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#75
French balloons and dirigibles couldn't even save France during the Franco-Prussian War of 1870.
There is no reason to suppose that they would have saved the less techonology-abled CSA.
 

USS ALASKA

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#76
Has anyone read this?

'Aeronautics in the Union and Confederate Armies: With a Survey of Military Aeronautics Prior To 1861' by Frederick Stansbury Haydon

1553029926704.png


An illuminating study of the history of the development of air weapons for reconnaissance and offensive operations, usually thought to have only begun with WWI but which, the author shows, go back well before the American Civil War but saw important developments during that war. The book studies the work of such pioneers as James Allen, John Wise, John La Mountain, and T.S.C. Lowe, their failures and, in the case of Lowe, important successes in the creation of the Balloon Service of the Army of the Potomac. The book traces in detail the materiel and personnel, its administration and operation, and operations during the war. 55 plates including a fold-out map. Index. Reprint edition. 1941: 443 pages + plates.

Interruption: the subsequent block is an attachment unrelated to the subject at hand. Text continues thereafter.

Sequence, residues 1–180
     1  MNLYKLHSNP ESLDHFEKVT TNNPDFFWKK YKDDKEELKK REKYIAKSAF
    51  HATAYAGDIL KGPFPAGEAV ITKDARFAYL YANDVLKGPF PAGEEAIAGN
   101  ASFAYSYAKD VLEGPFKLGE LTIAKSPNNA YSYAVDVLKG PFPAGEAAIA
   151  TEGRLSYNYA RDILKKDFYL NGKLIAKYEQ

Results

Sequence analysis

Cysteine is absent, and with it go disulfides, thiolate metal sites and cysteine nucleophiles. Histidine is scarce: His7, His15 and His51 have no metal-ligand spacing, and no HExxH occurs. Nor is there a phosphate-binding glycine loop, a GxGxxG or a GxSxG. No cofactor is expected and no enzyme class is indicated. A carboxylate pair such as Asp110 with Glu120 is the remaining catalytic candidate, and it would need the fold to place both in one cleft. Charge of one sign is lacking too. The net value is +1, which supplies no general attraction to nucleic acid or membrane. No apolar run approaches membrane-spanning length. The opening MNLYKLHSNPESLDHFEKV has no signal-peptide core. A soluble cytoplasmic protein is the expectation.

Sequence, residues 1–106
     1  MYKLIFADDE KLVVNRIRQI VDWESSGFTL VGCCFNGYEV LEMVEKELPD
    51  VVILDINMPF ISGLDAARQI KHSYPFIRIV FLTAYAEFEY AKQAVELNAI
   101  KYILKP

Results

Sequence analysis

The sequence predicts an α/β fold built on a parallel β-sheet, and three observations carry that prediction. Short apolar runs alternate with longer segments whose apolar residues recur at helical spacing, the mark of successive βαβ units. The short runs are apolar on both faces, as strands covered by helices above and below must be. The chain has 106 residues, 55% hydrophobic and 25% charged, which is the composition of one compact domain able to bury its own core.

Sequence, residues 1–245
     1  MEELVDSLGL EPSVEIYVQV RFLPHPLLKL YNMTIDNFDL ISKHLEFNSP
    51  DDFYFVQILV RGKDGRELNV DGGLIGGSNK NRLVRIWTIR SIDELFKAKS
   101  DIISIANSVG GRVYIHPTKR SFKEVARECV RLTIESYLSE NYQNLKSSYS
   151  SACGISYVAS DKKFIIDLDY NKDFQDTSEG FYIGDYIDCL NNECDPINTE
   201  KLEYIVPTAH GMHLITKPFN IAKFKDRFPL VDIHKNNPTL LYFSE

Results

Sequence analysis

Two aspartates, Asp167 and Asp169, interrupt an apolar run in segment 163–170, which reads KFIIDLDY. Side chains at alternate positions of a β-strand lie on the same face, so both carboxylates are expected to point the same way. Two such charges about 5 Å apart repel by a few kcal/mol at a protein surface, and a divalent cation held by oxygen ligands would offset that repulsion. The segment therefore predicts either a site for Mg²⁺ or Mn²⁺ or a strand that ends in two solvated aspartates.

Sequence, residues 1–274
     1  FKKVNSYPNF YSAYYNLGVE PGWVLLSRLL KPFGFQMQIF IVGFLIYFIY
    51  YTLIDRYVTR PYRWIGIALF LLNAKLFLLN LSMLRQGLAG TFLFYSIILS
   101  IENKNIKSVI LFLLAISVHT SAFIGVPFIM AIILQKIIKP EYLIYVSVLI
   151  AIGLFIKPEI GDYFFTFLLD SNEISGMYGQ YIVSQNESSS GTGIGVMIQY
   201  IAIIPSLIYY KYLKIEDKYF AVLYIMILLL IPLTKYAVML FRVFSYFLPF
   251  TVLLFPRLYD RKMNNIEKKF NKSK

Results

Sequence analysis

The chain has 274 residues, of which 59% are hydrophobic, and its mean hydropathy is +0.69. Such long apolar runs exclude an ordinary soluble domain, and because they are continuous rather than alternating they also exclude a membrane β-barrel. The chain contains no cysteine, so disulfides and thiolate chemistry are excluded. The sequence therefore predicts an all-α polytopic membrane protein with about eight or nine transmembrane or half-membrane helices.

REVIEW
In "Aeronautics in the Union and Confederate Armies, Volume 1", F. Stansbury Haydon writes THE essential history of the Union Balloon Corps. Haydon begins his account with a study of previous uses of balloons during wartime in France and various early proposals for an American balloon corps. He then proceeds to biographical and historical analyses of the men who first attempted to create a balloon corps during the Civil War: James Allen, John Wise, and John La Mountain. Of these, La Mountain was most successful, but personality conflicts with Professor Thaddeus Lowe, a contemporary aeronaut, put an end to La Mountain's aspirations.
The bulk of Haydon's account focuses on the balloon corps under Lowe, beginning with Lowe's early work in August and September of 1861. The next chapters focus on the Balloon Service of the Army of the Potomac, with chapters dedicated to material and personnel, administration, and operation. Haydon ends with a description of the Balloon Corps' work from November 1861 - March 1862 and a look at attempts to utilize the balloons further south and out west.